Spinners and spoons (especially those with trebles) aren’t safe for fish. Use Rapalas or swimbaits instead to avoid unnecessarily killing fish.
Fly anglers usually make up for too-light gear by using small single hooks, so that’s a good thing. Use the fewest possible hooks to catch the fish, and you’ll cause the least amount of damage to it.
Once you do hook and land one, proper fish care is just beginning, though.
2 — Net
You know those old nylon nets that you are your dad used to use? Throw them away. Instead, use a rubberized net that won’t strip away fish slime unnecessarily. Simply using the wrong net can kill a fish.
Once you’ve purchased your new rubberized net, practice netting small fish to get the hang of it, always netting head-first. That is, allow the fish to swim into the net rather than chasing it like you would a butterfly.
Netting fish is an art. For sensitive fish with no slime coat, you’re almost always better off netting fish — even small ones — as opposed to trying to grab them.
The net limits the fish’s mobility and enables you to quickly unhook it while keeping it in the water.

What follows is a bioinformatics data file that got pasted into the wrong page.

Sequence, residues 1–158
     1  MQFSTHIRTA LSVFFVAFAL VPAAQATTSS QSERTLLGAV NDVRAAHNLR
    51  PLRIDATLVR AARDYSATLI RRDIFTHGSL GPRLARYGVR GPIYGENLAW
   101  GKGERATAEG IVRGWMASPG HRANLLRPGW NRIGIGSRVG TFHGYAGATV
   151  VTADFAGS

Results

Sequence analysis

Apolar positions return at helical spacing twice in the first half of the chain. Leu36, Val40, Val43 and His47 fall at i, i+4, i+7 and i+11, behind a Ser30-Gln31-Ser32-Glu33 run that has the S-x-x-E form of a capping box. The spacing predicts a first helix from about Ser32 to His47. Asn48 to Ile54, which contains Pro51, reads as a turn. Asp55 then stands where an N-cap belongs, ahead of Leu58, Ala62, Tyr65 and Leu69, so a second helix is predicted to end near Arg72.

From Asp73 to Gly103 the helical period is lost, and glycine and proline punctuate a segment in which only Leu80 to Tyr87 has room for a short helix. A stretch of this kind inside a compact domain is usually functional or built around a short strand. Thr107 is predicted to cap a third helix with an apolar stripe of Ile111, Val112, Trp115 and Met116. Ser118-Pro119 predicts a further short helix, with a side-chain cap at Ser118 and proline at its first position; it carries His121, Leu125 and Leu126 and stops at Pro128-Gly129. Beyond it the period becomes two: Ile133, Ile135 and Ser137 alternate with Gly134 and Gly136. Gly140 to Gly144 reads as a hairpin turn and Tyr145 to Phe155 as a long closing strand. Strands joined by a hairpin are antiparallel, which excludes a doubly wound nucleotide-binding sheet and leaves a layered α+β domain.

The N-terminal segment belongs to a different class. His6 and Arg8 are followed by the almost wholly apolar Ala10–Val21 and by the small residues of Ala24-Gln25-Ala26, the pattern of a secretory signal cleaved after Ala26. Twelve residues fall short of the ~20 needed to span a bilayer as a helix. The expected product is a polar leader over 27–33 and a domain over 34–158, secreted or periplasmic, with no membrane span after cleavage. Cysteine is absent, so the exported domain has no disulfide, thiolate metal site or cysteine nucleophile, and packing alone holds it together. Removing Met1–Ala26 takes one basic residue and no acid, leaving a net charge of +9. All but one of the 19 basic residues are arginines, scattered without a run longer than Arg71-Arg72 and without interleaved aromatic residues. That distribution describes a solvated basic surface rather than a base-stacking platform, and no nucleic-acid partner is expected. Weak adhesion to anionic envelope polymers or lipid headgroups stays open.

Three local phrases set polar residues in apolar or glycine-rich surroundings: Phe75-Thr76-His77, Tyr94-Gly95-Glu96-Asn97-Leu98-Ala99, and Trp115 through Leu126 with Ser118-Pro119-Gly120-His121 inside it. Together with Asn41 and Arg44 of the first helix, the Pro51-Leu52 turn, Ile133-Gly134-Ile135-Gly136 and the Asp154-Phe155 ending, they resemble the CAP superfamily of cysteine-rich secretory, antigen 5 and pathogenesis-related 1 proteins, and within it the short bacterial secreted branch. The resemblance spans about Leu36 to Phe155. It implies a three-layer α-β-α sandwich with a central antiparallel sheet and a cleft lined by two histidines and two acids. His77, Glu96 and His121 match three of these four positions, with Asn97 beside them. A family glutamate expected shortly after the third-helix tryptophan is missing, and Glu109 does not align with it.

If the fish isn’t particularly large or a new species you want to photograph it, simply unhook it and scoop the net underwater to let the fish swim free.
If it’s large, a new species, or otherwise meaningful to you, and you’d like photos or measurements, read on.
3 — Handling Fish
The first step after getting a fish into your net is to wet your hands and remove any gloves you have on. Gloves are a major fish killer, and unless you’re using 100% rubber gloves like those your proctologist uses for your periodic checkups, it will strip slime off the fish and damage it.
If it’s “too cold” then you should consider a softer sport more your speed like knitting or gluten-free baking.